14 The company form1 IntroductionA company is an example of a 'corporation'.There are two types of corporation:1.1 Sole
A company is an example of a 'corporation'.
There are two types of corporation:
1.1 Sole: where a person has a separate legal identity because they occupy a certain office. (eg Lord Mayor of London).
1.2 Aggregate: where a number of persons are associated so as to form a separate legal entity.
There are three types of corporation aggregate
(a) Chartered – formed by Royal Charter.
(b) Statutory – formed by Act of Parliament.
(e.g. British Coal)
(c) Registered – formed by registration under the Companies Act.
(e.g. BPP Holdings plc).
2 Types of company
2.1 Limited by shares
Members' liability is limited to the amount unpaid on their shares.
2.2 Limited by guarantee
(a) Members' liability is limited to such amount as they "undertake to contribute to the assets of the company in the event of its being wound up".
(b) Guarantee companies are typically charities.
They have the advantage of not having to include the word "limited” in the name, although it still must appear on some business documentation.
(a) Members' liability is unlimited.
(b) Benefit to member is privacy as accounts must be prepared and audited but need not be filed.
2.4 Change of status
(a) A company may change from limited to unlimited or vice versa, but once re?registered may not change back again.
(b) s.49 CA 1985. A limited company may re?register as unlimited.
(100% majority required)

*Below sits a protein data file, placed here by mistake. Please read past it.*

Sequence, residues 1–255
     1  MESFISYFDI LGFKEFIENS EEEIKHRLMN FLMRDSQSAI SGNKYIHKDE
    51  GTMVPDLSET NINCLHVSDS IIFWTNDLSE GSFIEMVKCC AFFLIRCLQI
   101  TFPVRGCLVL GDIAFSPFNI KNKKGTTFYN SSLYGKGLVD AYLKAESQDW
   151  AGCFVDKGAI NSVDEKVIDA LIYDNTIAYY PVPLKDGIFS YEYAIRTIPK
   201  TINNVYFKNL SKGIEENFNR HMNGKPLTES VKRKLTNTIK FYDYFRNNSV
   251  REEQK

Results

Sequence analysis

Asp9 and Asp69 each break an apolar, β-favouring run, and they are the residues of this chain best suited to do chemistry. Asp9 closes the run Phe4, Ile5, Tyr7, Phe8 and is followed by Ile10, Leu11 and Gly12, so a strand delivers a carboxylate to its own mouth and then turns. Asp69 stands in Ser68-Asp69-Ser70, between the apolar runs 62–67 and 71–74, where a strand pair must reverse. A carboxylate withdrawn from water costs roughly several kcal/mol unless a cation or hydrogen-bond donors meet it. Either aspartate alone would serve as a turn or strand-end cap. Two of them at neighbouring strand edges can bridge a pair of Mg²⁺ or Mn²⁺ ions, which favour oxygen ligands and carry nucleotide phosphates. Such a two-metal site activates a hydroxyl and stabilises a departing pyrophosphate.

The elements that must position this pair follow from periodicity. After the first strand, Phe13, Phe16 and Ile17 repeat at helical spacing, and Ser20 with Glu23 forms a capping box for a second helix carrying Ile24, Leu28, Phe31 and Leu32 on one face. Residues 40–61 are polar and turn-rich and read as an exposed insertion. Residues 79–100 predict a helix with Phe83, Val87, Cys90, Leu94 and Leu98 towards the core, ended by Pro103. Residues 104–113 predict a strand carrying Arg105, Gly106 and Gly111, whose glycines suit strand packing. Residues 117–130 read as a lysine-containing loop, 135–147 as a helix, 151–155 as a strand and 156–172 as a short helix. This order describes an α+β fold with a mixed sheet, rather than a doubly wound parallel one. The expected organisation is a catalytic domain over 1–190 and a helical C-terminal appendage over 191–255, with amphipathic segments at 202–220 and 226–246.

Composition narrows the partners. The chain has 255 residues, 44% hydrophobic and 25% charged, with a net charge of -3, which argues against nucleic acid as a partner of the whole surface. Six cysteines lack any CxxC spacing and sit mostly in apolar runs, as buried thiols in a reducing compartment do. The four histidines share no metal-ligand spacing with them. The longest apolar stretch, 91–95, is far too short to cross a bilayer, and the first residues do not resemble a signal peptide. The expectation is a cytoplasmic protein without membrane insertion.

(c) s.51 CA 1985. An unlimited company may re?register as limited.
Tend to be small. They cannot issue shares to the 'public'.
Must have an issued share capital of at least ￡50,000 (25% paid up and the whole of any premium). They can issue shares to the public (whether or not they are 'listed').
Shares are 'quoted' on the Stock Exchange and thus can be traded on the open market. Their shares must have a market value of at least ￡700,000 (usually more) before a 'listing' can be obtained.
3 Advantages and disadvantages of incorporation
3.1 (a) Separate Legal Personality: Salomon & Salomon & Co Ltd
(i) the ability of a company to contract in its own name;
(ii) the ability to sue and be sued.
(b) Limited Liability
The liabilities of the company are distinct from those of its members.
(c) Perpetual Succession
A member's death or the sale of his shares leaves the company unaffected.
(d) Transferability of shares
Shares can be easily transferred (unlike assets, especially land).
(e) Ease of raising finance
(i) the ability of a company to grant a floating charge when borrowing
(ii) issuing shares is more flexible than admitting more partners.
(f) Distinction of property
Company property stays within the company
regardless of what happens to the shares. No
problems owning land
3.2 (a) Documents and Formalities
Statute (particularly CA '85) imposes strict rules on companies:
(i) Memorandum and articles;
(ii) need to register and prepare audited accounts;
(iii) rules governing share issues;
(iv) meetings and resolutions;
(v) payments to members;
(vi) winding up.
(ii) solicitors (greater involvement with law);
(iii) compliance with statute;
(iv) Registrar's fees.
(c) Publicity and disclosure
(i) details of directors (e.g. emoluments);
(ii) business details.
4 Concept of separate legal personality
4.1 A company is a separate legal entity as distinct from its members:
Salomon v. Salomon & Co Ltd.
This is the main advantage of trading via a company rather than via a partnership or as a sole trader.